According to Pierre Varmaloff, Megadoor Sales: “The vertical lifting Megadoors with exceptional seals allow the facility to be climate controlled cost effectively year round. Complimenting the curved membrane structure, our translucent fabric will allow natural light in, contributing to a great work environment for the technicians, while minimizing lighting costs.”

Continues Varmaloff: “MRO design should not be about housing aircraft, but quickly servicing planes to get them back in the air. Megadoors are all about reliability, saving time and money for facility operators, and increasing customer satisfaction. When workers have an optimal environment, this shows up in their work.”

Only months ago, the project seemed destined for postponement due to financial issues amongst governmental authorities. Because the five local banking institutions got together to find a way to fast track a $17M line of credit, the project kept moving forward.

Polsean notes: “The entire project was in jeopardy and could easily have been stopped. Without the banks coming together, we would have been dead in the water. The real winner is the local economy and commercial aviation, having a strategically located high-tech facility. More cargo will be a wonderful additional benefit.”

According to the Illinois Governor’s office, AAR is the largest operator of maintenance, repair and overhaul facilities in the United States. The 200,000 square-foot facility is expected to operate 24 hours a day and will greatly expand the airport’s infrastructure. AAR chose Rockford due to its central geographical location, highly trained workforce, cost effectiveness and access to a robust warehouse and distribution network. Rockford, Illinois is also a hub for aerospace and aviation technology, with Boeing, Woodward, UTC Aerospace Systems and GE Aviation all having facilities nearby. Just down the street Rock Valley College is starting an aviation maintenance technology school, which will train mechanics qualified to work at the facility. Rock Valley College is a publically funded institution, which will provide a highly trained workforce to the MRO facility at an affordable cost of tuition, another benefit to the local economy.

https://maps.apple.com/?address=2%20Airport%20Cir,%20Rockford,%20IL%20%2061109,%20United%20States&auid=11423140259003029908&ll=42.201302,-89.103906&lsp=9902&q=Chicago%20Rockford%20International%20Airport&t=h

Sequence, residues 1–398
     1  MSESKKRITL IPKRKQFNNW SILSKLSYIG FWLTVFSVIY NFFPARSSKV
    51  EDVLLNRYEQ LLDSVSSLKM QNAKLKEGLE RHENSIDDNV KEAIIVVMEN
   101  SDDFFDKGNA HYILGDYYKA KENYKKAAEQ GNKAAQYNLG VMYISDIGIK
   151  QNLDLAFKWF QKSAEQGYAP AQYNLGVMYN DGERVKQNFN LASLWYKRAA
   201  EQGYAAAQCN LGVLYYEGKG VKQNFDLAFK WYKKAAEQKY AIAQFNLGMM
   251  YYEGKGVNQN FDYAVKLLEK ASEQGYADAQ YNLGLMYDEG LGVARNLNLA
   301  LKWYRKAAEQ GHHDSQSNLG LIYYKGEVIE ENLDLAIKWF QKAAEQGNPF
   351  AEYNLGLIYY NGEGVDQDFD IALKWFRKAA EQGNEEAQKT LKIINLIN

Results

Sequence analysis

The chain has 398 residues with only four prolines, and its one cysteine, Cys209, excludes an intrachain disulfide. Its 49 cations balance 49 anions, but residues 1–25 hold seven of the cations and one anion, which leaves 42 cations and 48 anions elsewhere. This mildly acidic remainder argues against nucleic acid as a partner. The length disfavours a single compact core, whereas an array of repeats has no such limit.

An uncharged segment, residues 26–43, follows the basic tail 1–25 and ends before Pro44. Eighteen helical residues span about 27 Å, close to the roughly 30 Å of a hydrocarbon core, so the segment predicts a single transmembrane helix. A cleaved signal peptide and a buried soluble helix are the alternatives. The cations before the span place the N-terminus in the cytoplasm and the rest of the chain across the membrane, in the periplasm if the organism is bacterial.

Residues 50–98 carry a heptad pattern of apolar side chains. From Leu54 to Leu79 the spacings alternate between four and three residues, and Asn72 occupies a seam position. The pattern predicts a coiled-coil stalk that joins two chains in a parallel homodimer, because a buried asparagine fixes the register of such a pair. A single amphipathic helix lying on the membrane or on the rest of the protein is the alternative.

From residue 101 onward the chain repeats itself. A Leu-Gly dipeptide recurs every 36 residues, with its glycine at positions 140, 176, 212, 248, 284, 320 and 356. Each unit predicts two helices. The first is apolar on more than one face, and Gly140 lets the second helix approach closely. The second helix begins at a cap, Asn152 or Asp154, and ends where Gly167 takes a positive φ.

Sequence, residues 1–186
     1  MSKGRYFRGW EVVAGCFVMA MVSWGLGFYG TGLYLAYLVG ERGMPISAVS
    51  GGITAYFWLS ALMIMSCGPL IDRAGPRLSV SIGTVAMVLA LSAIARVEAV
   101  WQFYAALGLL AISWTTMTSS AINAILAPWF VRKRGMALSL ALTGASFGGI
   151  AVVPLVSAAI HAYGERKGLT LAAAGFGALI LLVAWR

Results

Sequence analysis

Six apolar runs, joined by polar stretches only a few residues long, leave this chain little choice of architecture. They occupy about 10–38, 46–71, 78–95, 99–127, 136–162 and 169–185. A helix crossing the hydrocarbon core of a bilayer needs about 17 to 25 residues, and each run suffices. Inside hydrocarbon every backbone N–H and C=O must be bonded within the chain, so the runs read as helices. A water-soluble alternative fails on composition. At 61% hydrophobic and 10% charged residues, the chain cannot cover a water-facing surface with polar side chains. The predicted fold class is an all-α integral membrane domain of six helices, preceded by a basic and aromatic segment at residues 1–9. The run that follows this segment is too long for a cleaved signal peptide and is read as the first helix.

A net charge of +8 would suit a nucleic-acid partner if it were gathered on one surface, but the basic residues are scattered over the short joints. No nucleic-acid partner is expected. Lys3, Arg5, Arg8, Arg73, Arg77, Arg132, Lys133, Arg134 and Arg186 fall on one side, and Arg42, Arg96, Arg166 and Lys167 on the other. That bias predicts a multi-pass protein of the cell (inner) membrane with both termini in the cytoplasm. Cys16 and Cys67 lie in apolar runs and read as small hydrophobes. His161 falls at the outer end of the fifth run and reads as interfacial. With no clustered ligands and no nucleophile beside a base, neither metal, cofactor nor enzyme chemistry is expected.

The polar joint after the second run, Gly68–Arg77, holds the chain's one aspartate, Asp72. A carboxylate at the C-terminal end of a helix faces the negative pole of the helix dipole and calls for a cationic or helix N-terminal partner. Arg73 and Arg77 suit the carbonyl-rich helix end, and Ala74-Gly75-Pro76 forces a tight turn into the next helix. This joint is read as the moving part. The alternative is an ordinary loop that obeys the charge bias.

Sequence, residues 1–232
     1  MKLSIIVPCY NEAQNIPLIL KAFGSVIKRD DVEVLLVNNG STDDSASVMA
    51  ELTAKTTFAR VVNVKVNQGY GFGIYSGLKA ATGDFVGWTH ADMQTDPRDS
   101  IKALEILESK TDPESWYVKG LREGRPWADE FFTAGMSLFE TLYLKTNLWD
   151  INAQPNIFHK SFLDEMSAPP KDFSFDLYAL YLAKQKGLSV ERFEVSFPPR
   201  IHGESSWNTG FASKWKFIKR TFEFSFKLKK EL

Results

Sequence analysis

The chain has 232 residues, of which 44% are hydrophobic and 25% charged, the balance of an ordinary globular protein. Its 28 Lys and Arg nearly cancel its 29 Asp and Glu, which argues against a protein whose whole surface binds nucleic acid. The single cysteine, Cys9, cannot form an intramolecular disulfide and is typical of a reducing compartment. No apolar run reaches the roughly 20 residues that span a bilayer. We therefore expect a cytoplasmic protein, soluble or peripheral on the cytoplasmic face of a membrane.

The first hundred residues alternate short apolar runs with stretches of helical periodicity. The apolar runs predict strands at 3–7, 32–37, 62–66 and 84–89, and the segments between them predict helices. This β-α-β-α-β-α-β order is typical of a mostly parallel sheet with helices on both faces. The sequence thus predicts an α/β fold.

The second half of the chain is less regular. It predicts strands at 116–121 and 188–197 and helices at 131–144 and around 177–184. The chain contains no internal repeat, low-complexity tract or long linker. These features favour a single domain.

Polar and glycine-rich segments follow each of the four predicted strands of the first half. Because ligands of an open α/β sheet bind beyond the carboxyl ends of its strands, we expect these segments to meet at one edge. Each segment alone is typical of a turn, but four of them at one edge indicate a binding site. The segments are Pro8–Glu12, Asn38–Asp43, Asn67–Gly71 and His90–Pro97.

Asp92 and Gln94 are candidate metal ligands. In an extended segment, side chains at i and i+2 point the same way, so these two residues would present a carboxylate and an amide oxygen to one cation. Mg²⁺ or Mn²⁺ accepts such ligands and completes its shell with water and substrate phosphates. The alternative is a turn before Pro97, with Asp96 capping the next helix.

Editor

Author: Editor

Editor founded the Chicago Architecture Blog in 2003, after a long career in journalism. He can be reached at chicagoarchitectureinfo@gmail.com.

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3 Comments

  1. What is the point of this? The Airbus A380 won’t be flying to Rockford so why make such a big hangar at an obscure airport? Are they really going to be flying Airbus A380s to Rockford for repair when they don’t fly to Illinois to begin with?

    seems like a waste of money

    Post a Reply
    • Editor

      Absolutely they will. If they wren’t going to do it they wouldn’t have spent tens of millions of dollars building the facility.

      Illinois is close to the center of North America, and has access to a big city and big transportation routes, which is why it was chosen for this facility. If you have a wonky aircraft, you don’t want to have to fly it from New York to California for repairs. You want to take it the shortest distance possible. For a jumbo jet, you can get to Illinois from L.A., Vancouver, Toronto, New York, Dallas, and all the other A380 markets on a half a tank of gas or less.

      Granted, Rockford not at the center of the action like Kansas or a Dakota would be, but it’s close to Chicago which means people and parts availability. Plus, it’s not unwise to skew the “center” a little closer to the more active cities, where more of the repairs will come from.

      And while Rockford may be “obscure” from a car driver’s perspective, aviation people know it well. Why spend $300,000 parking an A380 at O’Hare for a week, when you can park it at RFD for $10,000?

      Post a Reply
      • Never thought of it that way, just seems so strange though that Rockford can handle the biggest planes yet O’Hare can’t accept them due to their size issue at gates.

        We can repair them in Illinois we just cant use them……a metaphor for Illinois?

        Post a Reply